Esther Williams herself isn't much better. She wasn't blessed with a surplus of screen presence, and her directors seem to have realized this, giving her fewer close-ups than was typical for the era and even sometimes minimizing her in compositions. Nobody could quite figure out what to do with her, and these limp, directionless movies are the result.
If you feel like you must watch one of the films on this set, I nominate Million Dollar Mermaid (1952). Mervyn LeRoy directs, and while he's not the world's most exciting filmmaker, he learned his craft at Warners in the 1930s and thankfully never grew out of that no-nonsense, efficient style. Williams has improved as an actress by this point, at times even convincingly impersonating an adult woman of average IQ (in this case, real-life Australian actress-swimmer Annette Kellerman). Male lead Victor Mature (above, next to Williams) is not exactly, say, Robert Mitchum, but – and this isn't so much setting the bar low as tossing the bar into the Marianas Trench – he's at least more exciting than Van Johnson.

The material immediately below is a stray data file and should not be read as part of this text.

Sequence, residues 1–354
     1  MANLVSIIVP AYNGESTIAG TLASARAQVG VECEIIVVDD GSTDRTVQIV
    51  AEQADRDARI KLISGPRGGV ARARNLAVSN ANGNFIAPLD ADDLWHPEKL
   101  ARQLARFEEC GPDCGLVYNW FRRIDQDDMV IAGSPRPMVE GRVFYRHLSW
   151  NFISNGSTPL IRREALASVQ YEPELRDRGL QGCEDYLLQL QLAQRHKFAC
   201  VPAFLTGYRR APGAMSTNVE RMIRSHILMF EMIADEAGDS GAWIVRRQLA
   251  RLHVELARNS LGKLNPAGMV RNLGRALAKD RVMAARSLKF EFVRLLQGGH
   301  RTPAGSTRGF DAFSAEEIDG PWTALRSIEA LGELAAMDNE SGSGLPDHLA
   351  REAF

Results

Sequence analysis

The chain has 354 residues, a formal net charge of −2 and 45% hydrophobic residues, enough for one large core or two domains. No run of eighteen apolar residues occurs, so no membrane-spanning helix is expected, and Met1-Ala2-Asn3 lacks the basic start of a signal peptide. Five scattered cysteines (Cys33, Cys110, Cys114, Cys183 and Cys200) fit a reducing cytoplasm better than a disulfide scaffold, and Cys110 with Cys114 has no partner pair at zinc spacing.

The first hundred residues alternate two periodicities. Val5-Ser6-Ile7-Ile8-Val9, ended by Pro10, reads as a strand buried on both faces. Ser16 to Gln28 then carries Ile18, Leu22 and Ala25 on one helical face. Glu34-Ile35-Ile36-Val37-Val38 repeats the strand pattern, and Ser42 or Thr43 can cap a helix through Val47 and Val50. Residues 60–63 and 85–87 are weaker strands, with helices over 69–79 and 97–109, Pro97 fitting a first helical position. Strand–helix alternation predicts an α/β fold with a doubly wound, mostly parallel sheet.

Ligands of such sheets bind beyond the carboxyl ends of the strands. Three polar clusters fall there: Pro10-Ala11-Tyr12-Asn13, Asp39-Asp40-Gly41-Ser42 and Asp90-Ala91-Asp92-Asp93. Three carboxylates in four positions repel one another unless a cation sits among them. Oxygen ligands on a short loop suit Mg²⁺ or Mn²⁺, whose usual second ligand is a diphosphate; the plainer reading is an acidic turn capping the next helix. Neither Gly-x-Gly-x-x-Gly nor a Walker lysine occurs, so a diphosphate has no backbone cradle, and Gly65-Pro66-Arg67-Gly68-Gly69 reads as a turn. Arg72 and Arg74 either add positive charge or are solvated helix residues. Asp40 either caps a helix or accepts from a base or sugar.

Most significantly, Million Dollar Mermaid benefits from the hand of Busby Berkeley, brought in to direct Williams' swimming scenes, which here achieve a kind of breathless, rapturous grandeur. Berkeley's scenes in Mermaid are the best of the whole set, using shot scale, camera movement and color in ways that foreshadow the advances of the 1950s and 1960s more than they look back to his career-making Depression-era films. No wonder this one is reputedly Williamss' favorite of her filmography; it's the only one that does justice to her athleticism.
The bells and whistles of this set are up to the usual fine standard of previous TCM boxes. Each film is accompanied by a trailer and vintage MGM short, and the packaging is very attractive. The only failing here, oddly and atypically for TCM, is the video quality, which is shockingly inconsistent across the six movies. Thrill of a Romance, in particular, snaps back and forth between a lovely, sharp, vibrant image and something that seems to have come from a VHS dub.
Despite this, and despite Williams' shortcomings as a star, I'm glad that Turner went to the trouble of preserving these goofy films. I don't quite understand who the audience for this set is supposed to be, but the fact that there is a second set leads me to believe that they're out there. I hope they have a good time with these discs. I wouldn't recommend this to anyone else, other than students of classical Hollywood's decline, or perhaps Van Johnson enthusiasts.
© Dan Erdman